started slow. I put a GIF on twitter and say what makes you
feel like this? Then, slowly I kind of pushed actually
submitting direct on the site.
I’m at a place now where I create very little of the content on
Fundraiser Grrl. I mainly just edit and curate it. People
are out there funnier than me. So, it’s been a real joy to
kind of see this grow from something I own to something I
really feel like Fundraiser Grrl isn’t mine anymore. It
belongs to the community.
Steven Shattuck: Yeah, I think that’s probably why you’ve been. . .
It’s definitely why you’ve been so successful. You’ve been
able to create an online community around it and crowd
source the content. So, I think it was really sort of a
genius mechanism because a lot of people, they create a
blog and they kind of toil over creating the content
themselves, and they don’t feel like anyone’s really
But what you’ve done, getting other people involved. How else. . .
What other kinds of ways have you built that community
other than crowdsourcing the content?
Rory Green: So, I think for me, I’m a big advocate of listening and
give before you get and I don’t think that people
especially in sales roles always do that very well. So,
instead of going on. . . So, Twitter was kind of my main
social media platform to build the community. So, instead
of just kind of tweeting and broadcasting, I would find
people who are talking about fundraising. I make a lot of
use of the Twitter advanced search function which not a lot
of people know about.
So, I can search for people who are tweeting about Razor’s Edge who
live in this area who are using the words like angry,
upset, whatever. And then I can kind of share with them a
post I’ve done about getting really mad when a query
crashes your computer. So, look for conversations that are
already happening. Use the wonderful free features that are
already out there and then join that conversation.
Find ways to draw people in. So, if I really wanted someone with a
lot of twitter followers to notice the blog. I would maybe
do a couple posts inspired by things that they’ve done or
dedicate it to them to get them to kind of feel flattered
to want to share it out with their network. That worked
really, really well.
Steven Shattuck: That makes sense. I love it. So, obviously I don’t
think you would advocate a nonprofit to create a blog and
just have funny GIFs about their day in the life. Or maybe
you would. That might actually work for some nonprofits.
What are some things. . . What are some takeaways from your
success, you think nonprofits can do when maybe they’re
creating content or going about creating a digital
Rory Green: Yeah, so I will say Fundraiser Grrl has a zero dollar
budget. So, I went from 300 to 6,000 Twitter followers in a
year and three site visitors to a thousand a day in a very
short period of time on a budget of nothing. So, I think
it’s less about the money you spend and more about your
dedication to doing things right.
So, like I said, knowing who your audience is, defining them, giving
value to them, being interesting, and there’s different
ways you can be interesting and I think emotions and
stories, regardless of the kind of nonprofit you are, are
the right way to do that.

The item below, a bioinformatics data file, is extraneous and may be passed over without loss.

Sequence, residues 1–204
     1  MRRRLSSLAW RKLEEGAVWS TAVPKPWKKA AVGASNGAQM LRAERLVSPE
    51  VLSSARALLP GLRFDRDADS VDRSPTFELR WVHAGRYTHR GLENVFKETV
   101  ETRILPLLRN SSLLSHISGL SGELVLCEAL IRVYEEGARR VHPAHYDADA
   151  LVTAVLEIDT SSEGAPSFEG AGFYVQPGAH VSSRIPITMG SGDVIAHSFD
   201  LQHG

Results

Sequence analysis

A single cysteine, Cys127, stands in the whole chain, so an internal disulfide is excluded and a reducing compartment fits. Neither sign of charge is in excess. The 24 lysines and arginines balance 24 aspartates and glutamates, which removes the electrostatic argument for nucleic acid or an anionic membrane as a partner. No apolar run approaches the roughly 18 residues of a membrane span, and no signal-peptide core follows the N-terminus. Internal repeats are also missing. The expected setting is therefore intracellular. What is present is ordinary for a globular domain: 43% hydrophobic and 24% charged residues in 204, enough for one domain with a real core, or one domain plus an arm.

So, Fundraiser Grrl is very emotional and the emotions are often
angst, anger, sadness, frustration, but maybe for your
nonprofit, you’re key emotions are happiness, joy, despair,
anger, whatever it is make emotional content. People will
resonate more strongly too if you’re sharing emotional
things than just kind of statistics and strategic reports
and stuff like that and telling stories.
So, whether it’s. . . For me it’s stories of what life as a
fundraiser is, but maybe for you it’s going to be stories
of the people you’ve helped or stories of your amazing
wonderful donors, or stories of the dedicated program staff
who spent their lives working to make a cause better.
So, be emotional, tell stories, and tell stories that you know are
going to resonate with your audience. So, there’s so many
great free analytics out there. Twitter will tell you what
your most clicked on links are. I use Google Analytics for the site.
So, track what’s working.
So, if happy stories are working really well for you, repeat that and
know that it takes, maybe you might have to share out the
same story about twelve times to hit everyone in every time
zone at every time of day. Don’t be afraid to keep reusing
what’s really working and what’s really popular. Don’t feel
like it always has to be brand new content.
Steven Shattuck: That’s awesome advice. I love it. And I should say,
I don’t mean to paint the picture as the blog being a
downer. There are some happy posts on there.
Rory Green: Yes. Yes.
Steven Shattuck: It’s not all Razor’s Edge trashing
Rory Green: No, although I have to say my most popular stuff is stuff
about dysfunction and being stuck somewhere dysfunctional
or feeling like your life is falling about. Although, Harry
Potter stuff and cat stuff also does really well.
Steven Shattuck: Not surprised.
Rory Green: Yeah, yeah, not at all.
Steven Shattuck: Well, cool. Rory, this was really awesome for you to
share all that good advice and we’re going to link to the
blog, but just so people know, where can they find that
particular blog, which everyone should bookmark? They
should make it their homepage actually because it’s
Rory Green: Yeah, it’s Fundraiser Grrl, G-R-R-L. I don’t know if you
can see the button. Fundraisergrrl.tumblr.com or find me on
Twitter at RoryJMGreen and I am linking to it every day on
Steven Shattuck: Yeah, definitely follow Rory, definitely bookmark
that blog, it’s hilarious. Rory, thanks for being on the
Rory Green: Thanks for having me.
Steven Shattuck: Really appreciate it. It’s a lot of fun and we will
catch everyone next week with a brand new episode. Thanks
for watching. Check out that blog and follow Rory on
Twitter for sure. So, we will catch you next week. Thanks
again for watching.